Hawke's Bay District Health Board first to give free GP visits to under-18s

Free GP visits for some under the age of 18 in Hawke's Bay will be rolled out early next year.
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Free GP visits for some under the age of 18 in Hawke's Bay will be rolled out early next year.

A historic decision by Hawke's Bay District Health Board will see free GP visits extended to under-18s in selected practices.

Wednesday's decision marks the first time a DHB has extended free GP visits beyond the Government's policy to have free primary healthcare for those under 13. 

The plan, which is due to be introduced early next year, will aim for all under-18s enrolled in 14 selected practices in the region to have free visits to their doctors. 

Royal New Zealand College of General Practitioners president Tim Malloy has welcomed the decision by Hawke's Bay ...
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Royal New Zealand College of General Practitioners president Tim Malloy has welcomed the decision by Hawke's Bay District Health Board.

The practices chosen, which have the choice to opt in or out of the scheme, have a high number of Maori and Pacific patients.

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DHB performance, informatics and finance manager Tim Evans said the hope was young people would form a relationship with their doctors from an early age. 

"We think it will have a good impact, and youngsters will go see their primary healthcare team earlier.

"We think it will improve their health outcomes, and in terms of the overall system, it means fewer of them turning up to ED to access free healthcare.  

"If we are right, and those things actually happen, we are on to a winner."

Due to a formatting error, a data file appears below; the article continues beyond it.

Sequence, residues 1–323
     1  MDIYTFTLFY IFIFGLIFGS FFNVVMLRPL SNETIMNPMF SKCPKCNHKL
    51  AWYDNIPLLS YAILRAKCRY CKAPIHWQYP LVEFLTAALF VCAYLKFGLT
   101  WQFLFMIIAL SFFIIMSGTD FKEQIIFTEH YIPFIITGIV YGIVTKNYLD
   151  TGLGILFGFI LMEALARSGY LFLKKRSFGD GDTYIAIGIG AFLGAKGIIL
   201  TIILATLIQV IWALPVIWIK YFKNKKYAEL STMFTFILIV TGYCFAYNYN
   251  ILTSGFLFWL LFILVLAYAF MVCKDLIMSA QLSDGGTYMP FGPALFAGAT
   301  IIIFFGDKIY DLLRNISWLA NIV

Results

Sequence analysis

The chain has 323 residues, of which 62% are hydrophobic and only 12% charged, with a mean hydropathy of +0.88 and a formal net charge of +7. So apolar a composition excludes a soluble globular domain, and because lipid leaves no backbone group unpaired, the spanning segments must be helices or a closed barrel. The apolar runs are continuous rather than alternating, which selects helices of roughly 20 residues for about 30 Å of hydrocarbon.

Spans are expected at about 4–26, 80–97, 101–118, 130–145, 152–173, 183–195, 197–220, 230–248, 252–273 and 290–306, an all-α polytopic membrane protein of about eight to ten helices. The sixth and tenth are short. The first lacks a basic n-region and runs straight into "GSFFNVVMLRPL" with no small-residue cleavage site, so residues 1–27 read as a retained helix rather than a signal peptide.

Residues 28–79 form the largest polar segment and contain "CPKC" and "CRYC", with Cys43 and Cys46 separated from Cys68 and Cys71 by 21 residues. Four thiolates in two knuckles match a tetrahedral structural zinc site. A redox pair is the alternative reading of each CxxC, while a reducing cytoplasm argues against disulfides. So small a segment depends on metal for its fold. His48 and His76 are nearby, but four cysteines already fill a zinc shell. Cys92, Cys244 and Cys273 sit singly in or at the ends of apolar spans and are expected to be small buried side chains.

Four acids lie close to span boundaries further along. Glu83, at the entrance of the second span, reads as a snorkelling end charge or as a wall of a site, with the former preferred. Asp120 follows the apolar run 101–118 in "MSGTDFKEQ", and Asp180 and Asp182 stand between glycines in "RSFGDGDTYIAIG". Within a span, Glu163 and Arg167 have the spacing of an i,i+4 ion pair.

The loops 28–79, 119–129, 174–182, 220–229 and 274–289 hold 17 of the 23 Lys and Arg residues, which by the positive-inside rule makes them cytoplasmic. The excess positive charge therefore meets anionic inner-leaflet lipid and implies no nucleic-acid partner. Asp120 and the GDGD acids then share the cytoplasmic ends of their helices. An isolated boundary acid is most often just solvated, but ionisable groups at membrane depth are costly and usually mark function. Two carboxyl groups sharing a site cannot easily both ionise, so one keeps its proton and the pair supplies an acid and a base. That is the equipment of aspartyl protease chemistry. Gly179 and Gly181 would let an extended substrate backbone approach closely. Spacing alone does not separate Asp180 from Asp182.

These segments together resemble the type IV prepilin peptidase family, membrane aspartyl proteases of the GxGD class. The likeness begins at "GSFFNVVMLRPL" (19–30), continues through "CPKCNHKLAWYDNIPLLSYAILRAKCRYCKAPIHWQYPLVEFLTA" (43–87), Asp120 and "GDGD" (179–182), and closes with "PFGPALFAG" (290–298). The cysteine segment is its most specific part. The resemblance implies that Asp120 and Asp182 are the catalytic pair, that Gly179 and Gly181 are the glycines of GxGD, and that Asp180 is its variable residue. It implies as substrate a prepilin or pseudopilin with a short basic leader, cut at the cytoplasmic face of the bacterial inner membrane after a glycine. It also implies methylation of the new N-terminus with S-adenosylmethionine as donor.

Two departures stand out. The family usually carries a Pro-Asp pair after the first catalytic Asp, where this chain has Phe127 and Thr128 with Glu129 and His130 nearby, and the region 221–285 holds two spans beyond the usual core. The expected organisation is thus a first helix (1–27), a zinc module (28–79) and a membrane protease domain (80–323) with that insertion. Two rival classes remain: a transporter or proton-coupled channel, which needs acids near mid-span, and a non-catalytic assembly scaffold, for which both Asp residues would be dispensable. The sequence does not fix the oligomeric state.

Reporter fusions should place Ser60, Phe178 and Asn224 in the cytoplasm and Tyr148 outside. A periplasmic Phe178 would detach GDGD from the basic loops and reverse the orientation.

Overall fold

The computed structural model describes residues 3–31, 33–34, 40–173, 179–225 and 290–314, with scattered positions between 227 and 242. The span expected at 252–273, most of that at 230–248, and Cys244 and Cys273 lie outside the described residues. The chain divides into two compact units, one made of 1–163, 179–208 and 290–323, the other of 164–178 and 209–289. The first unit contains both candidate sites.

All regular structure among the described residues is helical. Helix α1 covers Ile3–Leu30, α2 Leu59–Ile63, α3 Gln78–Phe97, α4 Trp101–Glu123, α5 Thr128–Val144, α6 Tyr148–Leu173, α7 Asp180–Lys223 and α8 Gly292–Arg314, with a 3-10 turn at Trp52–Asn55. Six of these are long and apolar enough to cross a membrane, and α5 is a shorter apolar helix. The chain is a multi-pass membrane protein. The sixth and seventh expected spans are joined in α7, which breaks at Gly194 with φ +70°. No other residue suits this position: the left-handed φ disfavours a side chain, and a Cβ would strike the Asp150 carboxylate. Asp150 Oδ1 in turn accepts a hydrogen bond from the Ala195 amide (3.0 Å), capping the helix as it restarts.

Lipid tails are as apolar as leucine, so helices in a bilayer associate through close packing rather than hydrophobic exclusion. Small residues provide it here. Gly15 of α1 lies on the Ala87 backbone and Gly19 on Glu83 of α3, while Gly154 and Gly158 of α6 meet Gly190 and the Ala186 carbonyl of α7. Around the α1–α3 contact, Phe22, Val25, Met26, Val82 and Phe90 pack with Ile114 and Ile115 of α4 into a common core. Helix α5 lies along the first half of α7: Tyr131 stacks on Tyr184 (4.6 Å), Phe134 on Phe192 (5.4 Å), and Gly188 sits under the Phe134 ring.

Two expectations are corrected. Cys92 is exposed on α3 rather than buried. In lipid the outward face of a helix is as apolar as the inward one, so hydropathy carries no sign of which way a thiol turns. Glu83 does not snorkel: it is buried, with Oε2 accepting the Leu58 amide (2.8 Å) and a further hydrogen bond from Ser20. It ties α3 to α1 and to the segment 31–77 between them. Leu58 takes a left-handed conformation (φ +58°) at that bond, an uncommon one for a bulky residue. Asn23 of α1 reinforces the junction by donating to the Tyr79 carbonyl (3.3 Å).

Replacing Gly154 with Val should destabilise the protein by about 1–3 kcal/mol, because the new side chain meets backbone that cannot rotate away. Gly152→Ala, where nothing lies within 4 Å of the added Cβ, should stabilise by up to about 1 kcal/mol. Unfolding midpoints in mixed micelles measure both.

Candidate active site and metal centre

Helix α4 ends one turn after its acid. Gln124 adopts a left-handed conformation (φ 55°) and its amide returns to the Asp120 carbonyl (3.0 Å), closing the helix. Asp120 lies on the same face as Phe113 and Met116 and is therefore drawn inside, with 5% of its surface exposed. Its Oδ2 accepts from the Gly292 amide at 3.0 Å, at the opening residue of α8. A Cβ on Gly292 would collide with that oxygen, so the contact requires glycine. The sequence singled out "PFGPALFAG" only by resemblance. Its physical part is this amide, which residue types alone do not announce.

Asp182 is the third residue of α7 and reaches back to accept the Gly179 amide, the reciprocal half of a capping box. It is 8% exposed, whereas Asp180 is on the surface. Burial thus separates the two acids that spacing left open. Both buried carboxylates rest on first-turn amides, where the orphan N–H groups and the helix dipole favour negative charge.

Board member Ngahiwhi Tomaoana said it was good moment for the health board. "This is one of those yahoo moments ... I am proud of these moments."

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In the Wellington region, the Capital & Coast and Hutt Valley DHBs each said they funded some free health services for young people, but were not looking at free GP visits. 

The Hawke's Bay programme is expected to cost $583,235 a year, and will cover about 70 per cent of the 13 to 17-year-olds from Wairoa to Central Hawke's Bay.

There are approximately 11,096 children in that age group enrolled in general practices across the region.

"We looked at the costs of providing free visits for all of our 13 to 17-year-olds, but that was a bit too expensive to bite off in one chunk," Evans said. 

"We decided to select those practices which have the highest proportion of Maori, which is the practices in the most deprived areas. We know deprivation, reinforced by ethnicity, drives poor health, and poor health outcomes." 

If successful, the DHB hopes eventually to extend it to all under-18s. It would be closely reviewed throughout 2017 to see if it was working. 

"I would hope the benefits we see from this would see us offering this to all practices throughout the region," board chairman Kevin Atkinson said. 

In Hawke's Bay, consultation fees for the age group range from zero to $42. Those practices that opt into the scheme would be reimbursed for each visit by the DHB.

Royal College of General Practitioners president Tim Malloy said cost was definitely a barrier for teenagers accessing healthcare.

"This is a group who aren't historically used to engaging with primary care. In that sense, the removal of a cost access barrier has to be applauded.

"The possible quid pro quo of being successful is it increases utilisation to the point where general practice services can't reach the demand. 

"At least patients are attempting to get care, and overcome the access barrier of cost."

Hastings district councillor and Flaxmere stalwart Henare O'Keefe said extending free healthcare was a step in the right direction. 

"I think it has got to be a good thing, being proactive. It is an investment rather than a liability," he said. 

O'Keefe said all health providers and social services needed to "up their game" to engage youth in lower socio-economic areas. 

"Maybe we may have to move our GP setting to a marae, to a mutual territory," he said.  

 - Stuff

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